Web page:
Marcus Shrader III (1 Viewer)

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Banned
Marcus Shrader III



Classification: Serial killer
Characteristics: Rape - Bank robbery
Number of victims: 4
Date of murders: January-August 1974
Date of arrest: August 18, 1974
Date of birth: 1941
Victims profile: Ginger Rader, 23 / Cindy Howard, 15, and Karen Amabile, 15 / Cheryl Potter Boyd, 19
Method of murder: Shooting / Strangulation
Location: Onslow County, North Carolina, USA
Status: Sentenced to death in 1974. Commuted to life imprisonment in 1976 after the U.S. Supreme Court ruled the death penalty in North Carolina unconstitutional. Died in prison on July 10, 2007





Convicted killer Marcus Shrader dies in prison

July 11, 2007

One of the darkest chapters in Jacksonville’s history may have come to a close. Convicted serial killer Marcus Shrader has died in prison.

Shrader, 65, died of natural causes in Central Prison in Raleigh on Friday, state prison officials confirmed Tuesday.

"When our time is up, we all have to meet our final judge," said Onslow County Commissioner Delma Collins, who served as one of the investigators in Shrader’s case as a young Jacksonville police detective in 1974. "I would hate to be in Shrader’s shoes right now."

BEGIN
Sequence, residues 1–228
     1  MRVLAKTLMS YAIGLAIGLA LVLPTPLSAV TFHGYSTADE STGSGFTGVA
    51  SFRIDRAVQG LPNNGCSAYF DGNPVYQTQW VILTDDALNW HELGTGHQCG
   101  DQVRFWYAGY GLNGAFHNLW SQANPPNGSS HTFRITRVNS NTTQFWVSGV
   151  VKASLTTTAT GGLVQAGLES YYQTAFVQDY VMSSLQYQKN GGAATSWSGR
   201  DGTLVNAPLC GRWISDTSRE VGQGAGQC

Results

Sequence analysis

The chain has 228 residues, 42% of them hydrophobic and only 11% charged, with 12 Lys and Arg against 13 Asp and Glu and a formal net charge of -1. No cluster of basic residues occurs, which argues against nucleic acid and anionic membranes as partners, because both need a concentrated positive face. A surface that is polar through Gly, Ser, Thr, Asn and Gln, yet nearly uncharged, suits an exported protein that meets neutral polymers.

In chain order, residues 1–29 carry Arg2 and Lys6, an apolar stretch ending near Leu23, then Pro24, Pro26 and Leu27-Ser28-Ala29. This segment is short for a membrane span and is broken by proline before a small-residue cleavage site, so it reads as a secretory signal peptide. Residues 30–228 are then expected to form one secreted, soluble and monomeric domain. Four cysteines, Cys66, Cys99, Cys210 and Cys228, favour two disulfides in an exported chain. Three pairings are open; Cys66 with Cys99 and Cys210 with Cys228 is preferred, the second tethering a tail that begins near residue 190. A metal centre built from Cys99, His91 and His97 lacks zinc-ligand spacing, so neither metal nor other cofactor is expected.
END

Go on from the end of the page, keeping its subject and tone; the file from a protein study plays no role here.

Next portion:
Shrader, who was a Navy corpsman stationed at Camp Lejeune at the time of the crimes, was convicted in 1974 of kidnapping and murdering 19-year-old Cheryl Potter Boyd. He was also accused by police of killing 15-year-olds Karen Amabile and Cindy Howard, and 23-year-old Ginger Rader, though he was never tried on those charges.

In January 1974, Shrader kidnapped Rader and forced her to help him rob a bank; then he shot her to death, police said.

On Aug. 2 of that year, Amabile and Howard went to mail a letter at the post office when they were stopped by Shrader’s 16-year-old stepdaughter, Debra Ann Brown. Police said Brown knew Amabile from school and offered the girls a ride home.

Shrader, who was waiting in his van, handcuffed the two girls, bound their mouths with a pair of pantyhose and put tape over their eyes, Brown would later testify. Shrader then sexually assaulted the girls and strangled them to death, police said. Their bodies, clothed only in panties, were found in the Bear Creek area.

On Aug. 16, 1974, Shrader kidnapped Boyd from the parking lot of the post office on New Bridge Street.

Boyd’s younger brother, Gerald Potter Jr., said Boyd was getting into her car when Shrader got in on the other side. He forced Boyd to help him rob a nearby bank, then shot her in the face and left her body in the car behind New River Shopping Center.

Potter said he thinks Boyd realized who Shrader was once he slipped on a green ski mask for the bank robbery.

"They were looking for someone with a green ski mask" in connection with the other crimes, he said.